The air was chilly, the trees still bare, yet the sky was clear and bright. March 3, 1913, was shaping up to be a perfect day for a grand and purposeful parade. Thousands of showily dressed suffragists had amassed in Washington from across the nation — indeed the world — to march along Pennsylvania Avenue on the eve of President Woodrow Wilson’s inauguration.
A young woman in striking white robes and a golden crown sat astride a white horse at the vanguard of the procession. Row upon row of suffragists followed, gliding by on floats and golden chariots or on foot bearing banners aloft amid the cacophony of marching bands and the buzzing crowd, wrote Rebecca Boggs Roberts in “Suffragists in Washington, D.C.: The 1913 Parade and the Fight for the Vote.” Professional women in thematic costumes — including writers stained with ink — marched alongside college women arranged by alma mater.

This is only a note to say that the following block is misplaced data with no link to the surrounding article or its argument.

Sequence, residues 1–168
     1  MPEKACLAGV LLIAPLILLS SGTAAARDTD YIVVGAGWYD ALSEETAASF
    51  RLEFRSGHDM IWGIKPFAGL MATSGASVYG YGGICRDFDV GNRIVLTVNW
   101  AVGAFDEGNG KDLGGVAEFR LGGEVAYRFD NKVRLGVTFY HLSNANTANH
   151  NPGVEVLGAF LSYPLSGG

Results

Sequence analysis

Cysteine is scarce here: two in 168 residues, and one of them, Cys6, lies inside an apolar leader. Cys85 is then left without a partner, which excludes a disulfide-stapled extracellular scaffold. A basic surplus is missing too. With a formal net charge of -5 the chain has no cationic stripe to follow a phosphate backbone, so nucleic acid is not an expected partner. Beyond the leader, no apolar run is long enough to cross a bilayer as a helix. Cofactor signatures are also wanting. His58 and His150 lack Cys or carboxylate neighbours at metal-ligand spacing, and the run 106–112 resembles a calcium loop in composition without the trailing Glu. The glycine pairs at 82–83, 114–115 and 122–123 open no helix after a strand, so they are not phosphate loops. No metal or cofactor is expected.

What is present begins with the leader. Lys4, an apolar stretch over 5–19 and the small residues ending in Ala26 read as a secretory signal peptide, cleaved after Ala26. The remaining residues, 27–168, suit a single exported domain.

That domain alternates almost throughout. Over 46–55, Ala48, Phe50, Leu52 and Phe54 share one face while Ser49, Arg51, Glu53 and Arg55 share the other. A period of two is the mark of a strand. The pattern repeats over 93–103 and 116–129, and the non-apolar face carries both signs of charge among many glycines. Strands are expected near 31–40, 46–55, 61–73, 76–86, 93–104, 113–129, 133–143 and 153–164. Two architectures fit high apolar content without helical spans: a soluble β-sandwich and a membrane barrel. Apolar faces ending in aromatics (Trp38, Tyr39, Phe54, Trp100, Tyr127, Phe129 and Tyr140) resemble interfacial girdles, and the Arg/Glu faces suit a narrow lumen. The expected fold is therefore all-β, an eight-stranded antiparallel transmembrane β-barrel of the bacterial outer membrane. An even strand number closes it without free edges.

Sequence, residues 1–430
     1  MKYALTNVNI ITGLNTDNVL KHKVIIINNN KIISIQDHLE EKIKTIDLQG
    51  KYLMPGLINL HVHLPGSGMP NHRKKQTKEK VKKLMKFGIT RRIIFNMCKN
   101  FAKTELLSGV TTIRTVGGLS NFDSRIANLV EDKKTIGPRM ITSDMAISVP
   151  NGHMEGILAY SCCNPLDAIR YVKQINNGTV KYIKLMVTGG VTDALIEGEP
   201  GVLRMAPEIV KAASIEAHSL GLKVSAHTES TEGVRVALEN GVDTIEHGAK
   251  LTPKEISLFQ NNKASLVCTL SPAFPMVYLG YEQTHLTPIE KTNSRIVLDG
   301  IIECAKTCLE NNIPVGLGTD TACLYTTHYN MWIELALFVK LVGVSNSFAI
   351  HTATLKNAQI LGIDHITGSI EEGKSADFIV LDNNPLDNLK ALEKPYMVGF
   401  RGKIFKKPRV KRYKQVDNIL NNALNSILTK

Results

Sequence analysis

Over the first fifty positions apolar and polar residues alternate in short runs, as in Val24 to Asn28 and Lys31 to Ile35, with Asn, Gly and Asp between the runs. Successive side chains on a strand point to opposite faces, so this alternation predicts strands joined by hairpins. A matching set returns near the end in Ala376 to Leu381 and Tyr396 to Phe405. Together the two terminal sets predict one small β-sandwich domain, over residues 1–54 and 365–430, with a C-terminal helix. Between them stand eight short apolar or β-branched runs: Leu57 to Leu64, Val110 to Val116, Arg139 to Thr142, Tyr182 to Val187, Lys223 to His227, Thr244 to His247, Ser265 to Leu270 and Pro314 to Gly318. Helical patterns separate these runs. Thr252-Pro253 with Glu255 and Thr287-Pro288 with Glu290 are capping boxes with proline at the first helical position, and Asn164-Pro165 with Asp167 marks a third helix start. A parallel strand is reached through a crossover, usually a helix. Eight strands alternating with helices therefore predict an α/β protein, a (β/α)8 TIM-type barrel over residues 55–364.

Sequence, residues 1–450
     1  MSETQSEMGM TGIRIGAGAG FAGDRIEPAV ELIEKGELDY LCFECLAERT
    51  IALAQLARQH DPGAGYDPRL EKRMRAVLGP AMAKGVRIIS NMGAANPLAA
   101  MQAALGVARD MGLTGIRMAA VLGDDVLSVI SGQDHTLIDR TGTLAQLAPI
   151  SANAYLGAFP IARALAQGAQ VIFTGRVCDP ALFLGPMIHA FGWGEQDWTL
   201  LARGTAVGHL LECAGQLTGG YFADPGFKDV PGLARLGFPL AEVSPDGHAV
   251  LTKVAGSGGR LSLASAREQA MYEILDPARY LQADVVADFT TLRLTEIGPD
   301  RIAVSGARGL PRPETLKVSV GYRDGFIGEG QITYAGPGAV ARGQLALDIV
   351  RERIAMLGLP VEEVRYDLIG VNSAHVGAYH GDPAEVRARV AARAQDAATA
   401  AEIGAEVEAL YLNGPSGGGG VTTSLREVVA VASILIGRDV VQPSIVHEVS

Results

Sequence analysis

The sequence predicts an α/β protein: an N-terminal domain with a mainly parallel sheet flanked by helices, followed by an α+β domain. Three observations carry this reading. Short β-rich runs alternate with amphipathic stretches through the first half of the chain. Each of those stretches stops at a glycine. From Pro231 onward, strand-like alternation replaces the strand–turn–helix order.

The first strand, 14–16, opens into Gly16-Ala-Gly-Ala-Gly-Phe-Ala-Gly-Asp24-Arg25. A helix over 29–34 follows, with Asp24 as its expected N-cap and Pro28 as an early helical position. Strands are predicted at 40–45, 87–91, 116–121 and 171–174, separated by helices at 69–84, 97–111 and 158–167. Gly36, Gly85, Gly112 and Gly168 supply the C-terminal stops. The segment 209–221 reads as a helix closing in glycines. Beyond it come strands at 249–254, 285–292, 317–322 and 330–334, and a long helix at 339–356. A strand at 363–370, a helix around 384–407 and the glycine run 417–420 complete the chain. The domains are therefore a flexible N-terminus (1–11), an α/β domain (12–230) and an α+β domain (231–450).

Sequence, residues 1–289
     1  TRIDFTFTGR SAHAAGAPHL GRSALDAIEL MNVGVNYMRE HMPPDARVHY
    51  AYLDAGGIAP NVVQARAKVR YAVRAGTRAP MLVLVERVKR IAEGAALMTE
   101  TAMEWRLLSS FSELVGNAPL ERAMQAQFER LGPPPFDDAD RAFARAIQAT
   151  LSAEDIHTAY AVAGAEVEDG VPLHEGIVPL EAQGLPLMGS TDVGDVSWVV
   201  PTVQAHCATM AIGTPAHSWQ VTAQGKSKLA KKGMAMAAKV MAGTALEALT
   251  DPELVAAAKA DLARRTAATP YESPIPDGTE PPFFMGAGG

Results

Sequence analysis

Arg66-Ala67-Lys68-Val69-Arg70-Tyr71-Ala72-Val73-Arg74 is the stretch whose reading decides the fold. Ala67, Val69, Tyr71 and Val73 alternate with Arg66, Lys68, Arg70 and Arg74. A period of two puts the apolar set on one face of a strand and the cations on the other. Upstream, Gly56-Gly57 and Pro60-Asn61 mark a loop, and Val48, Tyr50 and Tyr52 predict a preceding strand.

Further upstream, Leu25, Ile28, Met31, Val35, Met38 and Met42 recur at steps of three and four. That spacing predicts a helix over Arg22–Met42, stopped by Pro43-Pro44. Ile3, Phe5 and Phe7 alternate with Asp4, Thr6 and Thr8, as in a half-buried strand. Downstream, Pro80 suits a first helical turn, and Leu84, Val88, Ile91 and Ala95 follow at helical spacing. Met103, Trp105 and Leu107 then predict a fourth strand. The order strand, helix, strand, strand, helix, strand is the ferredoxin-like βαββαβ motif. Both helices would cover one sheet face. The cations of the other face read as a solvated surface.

A spectator observing the vast sea of faces that day might have been excused for thinking that all the marchers were White. Yet a combing of the crowds would have revealed African American women, unlisted in the official program, who had for decades battled racism within the movement to take their rightful place in history.
Featured Image, Washington State Archives
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